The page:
“Hamilton” as necessary American myth


A few weeks ago, my family watched “Hamilton” the musical (on Disney+, for a whopping $8.99/month). Even my dad, who has never cared for musicals, loved it. It’s an incredible production and a work of creative genius. Although its popularity and cult following will inevitably wane, it has already become one of America’s greatest myths in this past decade.

My first taste of Hamilton took place the day before Thanksgiving of freshman year. During a three hour car ride with my sister, we decided to play to the soundtrack, in order, and see how far we could get. It required some focus, and I’m sure I missed bits the first time round. But the story stuck with me, in a place deeper than mere entertainment. Looking back, I can say it was those songs that fueled in large part my own ambition, which surfaced soon thereafter. (I am not sure if that was a positive turn, since it took several years to tame my ambition enough to allow contentment back into my life.)

Still, my engine has been revving and I can draw it directly (though not completely) to the soundtrack of a musical about a man who died hundreds of years ago. And I was just one teenager in the sea of excitement that has been the hype around “Hamilton.” I can only imagine how many others have been influenced, even in tiny amounts, towards ambition, honor, and a life devoid of passivity. The impact on American society must be massive.

The musical succeeds because it is not just the retelling, but the modern retelling of America’s rise. There is certainly well-crafted commentary on this, but “Hamilton” takes certain key topics of today’s discourse, namely immigration and the history of slavery, and keeps them in clear view. But it’s more than just history matched to today’s society.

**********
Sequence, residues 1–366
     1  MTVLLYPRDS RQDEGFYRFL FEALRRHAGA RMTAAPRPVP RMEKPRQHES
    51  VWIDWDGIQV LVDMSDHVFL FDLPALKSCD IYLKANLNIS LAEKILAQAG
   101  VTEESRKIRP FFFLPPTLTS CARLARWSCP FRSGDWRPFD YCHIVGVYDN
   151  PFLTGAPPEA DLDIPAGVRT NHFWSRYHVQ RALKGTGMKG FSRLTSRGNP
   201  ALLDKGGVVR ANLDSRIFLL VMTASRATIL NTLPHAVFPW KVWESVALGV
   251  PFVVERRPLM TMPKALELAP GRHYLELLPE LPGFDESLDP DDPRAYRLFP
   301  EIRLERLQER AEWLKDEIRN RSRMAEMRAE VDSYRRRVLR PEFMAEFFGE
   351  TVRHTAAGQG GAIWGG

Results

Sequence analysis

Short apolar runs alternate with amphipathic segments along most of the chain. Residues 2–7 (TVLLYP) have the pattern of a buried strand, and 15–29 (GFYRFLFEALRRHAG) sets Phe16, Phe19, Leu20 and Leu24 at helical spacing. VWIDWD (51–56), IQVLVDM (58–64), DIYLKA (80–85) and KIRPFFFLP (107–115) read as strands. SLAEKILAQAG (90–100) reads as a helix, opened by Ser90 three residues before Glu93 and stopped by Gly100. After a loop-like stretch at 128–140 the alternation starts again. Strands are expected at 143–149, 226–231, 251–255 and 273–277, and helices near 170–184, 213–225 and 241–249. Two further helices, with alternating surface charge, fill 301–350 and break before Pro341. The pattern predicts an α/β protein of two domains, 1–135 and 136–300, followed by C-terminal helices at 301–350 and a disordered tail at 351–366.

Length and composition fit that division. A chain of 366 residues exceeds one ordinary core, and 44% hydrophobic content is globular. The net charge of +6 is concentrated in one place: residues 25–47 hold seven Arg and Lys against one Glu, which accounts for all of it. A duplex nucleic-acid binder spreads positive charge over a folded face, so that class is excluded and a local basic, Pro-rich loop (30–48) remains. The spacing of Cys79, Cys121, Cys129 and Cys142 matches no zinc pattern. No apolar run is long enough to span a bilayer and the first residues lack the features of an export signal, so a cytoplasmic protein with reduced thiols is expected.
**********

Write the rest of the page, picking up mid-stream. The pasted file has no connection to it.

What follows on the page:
Hamilton is the modern myth of the founding of the country. As Lewis and Tolkien understood, myths are the bedrock of society, and without strong myth, there can be no strong culture. Over the years, critics and revisionist historians have been taking down the American founding fathers one by one, emphasizing their faults and imperfections to destroy any mystique around them. But the myth is an incredible one that cannot lightly be forgotten - it is the foundation of a nation that grew, for better or worse, into an international superpower.

To clarify, by “myth,” I don’t necessarily mean a story that is not true. I’ll poach Jordan Peterson’s notion that a myth is, in many ways, more true than the physical world. It is the culmination of things we feel subconsciously and collectively, the ideals and dreams we somehow know to measure ourselves against, represented in story medium. Also, a myth can very well be a physically and historically true event - some lives required little poetic license to become captivate an audience.

“Hamilton” presents a story of ambition, of rising from nothing to become the face of the $10 bill. There is courage, determination, infidelity, repentance, forgiveness, tragedy both understood and unexplainable. And in every case, the audience comes to understand how one can deal with these elements, to see the mistakes and corrections made throughout. As myth, it creates a common narrative against which we can measure ourselves. Crucially, Hamilton’s key phrase, “I will not throw away my shot,” is very well one of the most powerful in the play, in American society, and in the dream that keeps the country striving.